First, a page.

Saturday, May 9, 2009

How to Get Noticed on Twitter

I remember from when I was a child, sitting the car watching the corn fields fly past and imagining how much fun it would be to walk between the rows of corn. These days, they plant an extra row where I would have walked. A child could hardly make his way through and an adult certainly couldn’t. But for a moment there, weren’t you thinking about what it would be like to wonder off into a corn field? Maybe you were riding along with me in rural Missouri, watching the ten foot tall corn stalks pass outside the window. When we tell a story, the listener shares the moment.

I’ve been giving Twitter a try. I’ve been following a few people. Some of these people are more prolific Tweeters than other. I mostly ignore the most prolific. I figure that if they can tweet every minute then they haven’t taken time to think about what they’re saying. But this week, one person in particular has gotten interesting. Michael Hyatt is in Ethiopia and every so often he tweets about what they are doing. On one hand, what he is saying is nothing new. We’ve all heard stories about people visiting the poor areas of the world before. That’s one of the things that I like about reading The Gleaner. Missionaries write about sharing the gospel as well as providing food and medicine. So, hearing Michael Hyatt tell a similar story is not particularly special, but it is interesting for a different reason. It is interesting because he is telling a story.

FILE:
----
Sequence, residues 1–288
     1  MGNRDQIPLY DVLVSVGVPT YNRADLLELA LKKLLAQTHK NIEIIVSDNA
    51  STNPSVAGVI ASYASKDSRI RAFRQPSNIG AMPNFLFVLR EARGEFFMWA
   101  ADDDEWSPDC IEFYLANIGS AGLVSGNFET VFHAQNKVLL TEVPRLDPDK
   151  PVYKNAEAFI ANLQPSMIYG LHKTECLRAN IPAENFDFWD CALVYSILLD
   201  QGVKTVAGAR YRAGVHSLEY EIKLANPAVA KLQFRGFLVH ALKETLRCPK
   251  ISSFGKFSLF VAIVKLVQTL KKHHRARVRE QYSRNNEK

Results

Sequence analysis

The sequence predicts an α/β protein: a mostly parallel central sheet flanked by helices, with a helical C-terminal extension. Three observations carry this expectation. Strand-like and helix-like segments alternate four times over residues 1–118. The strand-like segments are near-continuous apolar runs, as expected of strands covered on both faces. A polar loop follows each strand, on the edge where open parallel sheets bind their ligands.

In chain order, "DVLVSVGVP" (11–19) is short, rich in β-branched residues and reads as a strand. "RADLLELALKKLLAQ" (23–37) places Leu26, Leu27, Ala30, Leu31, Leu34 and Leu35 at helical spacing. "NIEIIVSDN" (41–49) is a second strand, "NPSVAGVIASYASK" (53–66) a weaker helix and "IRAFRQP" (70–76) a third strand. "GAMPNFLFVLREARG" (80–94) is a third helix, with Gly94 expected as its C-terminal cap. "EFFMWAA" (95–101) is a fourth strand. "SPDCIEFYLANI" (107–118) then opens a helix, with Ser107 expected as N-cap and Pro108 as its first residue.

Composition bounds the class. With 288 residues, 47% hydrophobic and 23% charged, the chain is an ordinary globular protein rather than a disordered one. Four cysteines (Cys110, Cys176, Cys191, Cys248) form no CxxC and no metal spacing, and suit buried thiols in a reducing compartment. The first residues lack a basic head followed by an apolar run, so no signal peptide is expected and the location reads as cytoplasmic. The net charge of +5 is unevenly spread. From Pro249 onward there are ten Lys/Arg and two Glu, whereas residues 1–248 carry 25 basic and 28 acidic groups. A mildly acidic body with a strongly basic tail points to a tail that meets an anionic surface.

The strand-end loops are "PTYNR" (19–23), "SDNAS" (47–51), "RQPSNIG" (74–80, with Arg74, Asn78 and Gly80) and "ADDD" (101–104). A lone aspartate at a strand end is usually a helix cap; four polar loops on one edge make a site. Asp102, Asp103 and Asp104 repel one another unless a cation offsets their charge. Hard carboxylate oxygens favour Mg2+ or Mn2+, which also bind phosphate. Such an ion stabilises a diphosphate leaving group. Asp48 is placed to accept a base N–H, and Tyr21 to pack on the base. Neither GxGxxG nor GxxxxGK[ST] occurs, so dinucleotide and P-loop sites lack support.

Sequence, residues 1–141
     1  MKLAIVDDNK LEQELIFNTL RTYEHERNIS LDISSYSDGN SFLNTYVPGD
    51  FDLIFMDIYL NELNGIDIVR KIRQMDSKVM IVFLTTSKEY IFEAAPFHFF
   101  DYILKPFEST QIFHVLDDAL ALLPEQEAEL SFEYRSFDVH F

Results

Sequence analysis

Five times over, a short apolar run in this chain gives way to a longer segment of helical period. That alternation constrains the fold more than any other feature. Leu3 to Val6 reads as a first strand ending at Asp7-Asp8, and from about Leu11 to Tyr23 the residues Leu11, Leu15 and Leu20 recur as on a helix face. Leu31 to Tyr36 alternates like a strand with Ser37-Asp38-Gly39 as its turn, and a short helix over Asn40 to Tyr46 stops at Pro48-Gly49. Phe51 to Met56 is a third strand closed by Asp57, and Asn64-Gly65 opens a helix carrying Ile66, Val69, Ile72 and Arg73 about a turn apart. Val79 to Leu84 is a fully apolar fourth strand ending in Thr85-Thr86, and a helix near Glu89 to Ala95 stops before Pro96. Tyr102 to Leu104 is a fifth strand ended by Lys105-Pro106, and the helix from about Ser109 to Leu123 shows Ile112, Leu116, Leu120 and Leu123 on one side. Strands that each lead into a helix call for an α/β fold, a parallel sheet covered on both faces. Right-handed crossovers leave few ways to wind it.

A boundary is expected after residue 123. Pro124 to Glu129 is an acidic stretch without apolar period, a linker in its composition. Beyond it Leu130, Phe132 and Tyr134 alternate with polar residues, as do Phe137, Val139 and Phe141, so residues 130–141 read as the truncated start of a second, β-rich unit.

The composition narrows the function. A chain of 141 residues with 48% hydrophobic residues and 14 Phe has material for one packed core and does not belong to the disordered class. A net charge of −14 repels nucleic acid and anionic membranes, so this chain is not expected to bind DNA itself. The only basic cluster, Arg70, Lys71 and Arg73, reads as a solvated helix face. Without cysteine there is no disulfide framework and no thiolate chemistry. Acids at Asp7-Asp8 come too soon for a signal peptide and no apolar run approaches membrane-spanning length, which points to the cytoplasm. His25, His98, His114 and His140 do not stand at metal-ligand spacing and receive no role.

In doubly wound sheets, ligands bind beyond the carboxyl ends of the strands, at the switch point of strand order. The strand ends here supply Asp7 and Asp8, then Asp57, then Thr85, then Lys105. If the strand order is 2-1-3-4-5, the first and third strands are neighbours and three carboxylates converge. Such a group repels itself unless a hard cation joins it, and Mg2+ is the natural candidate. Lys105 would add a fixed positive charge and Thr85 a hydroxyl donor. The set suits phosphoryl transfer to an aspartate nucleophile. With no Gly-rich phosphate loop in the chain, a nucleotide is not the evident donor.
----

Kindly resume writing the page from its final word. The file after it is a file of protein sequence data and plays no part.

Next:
As we read the tweets Mike has been sending back, we are there as the children crowd around them. We see the fields where the workers are using old tools to scratch out a meager existence. We are there as they arrive back at their hotel room, hoping for a shower and finding only a bucket of water, since the water isn’t working. We saw the children wearing Obama t-shirts. But we were also there when they were at the airport waiting for a plane. We will be there when they arrive back in the states.

If you want my attention on Twitter, or anywhere else, tell me a story. It doesn’t have to be about a trip to Ethiopia. It could be a trip to the grocery store for all I care, but tell me a story. Let me come with you. Let me see through your eyes. Use your words to paint a picture I haven’t seen before or one that I have, but tell me a story. Then and only then will you get my attention.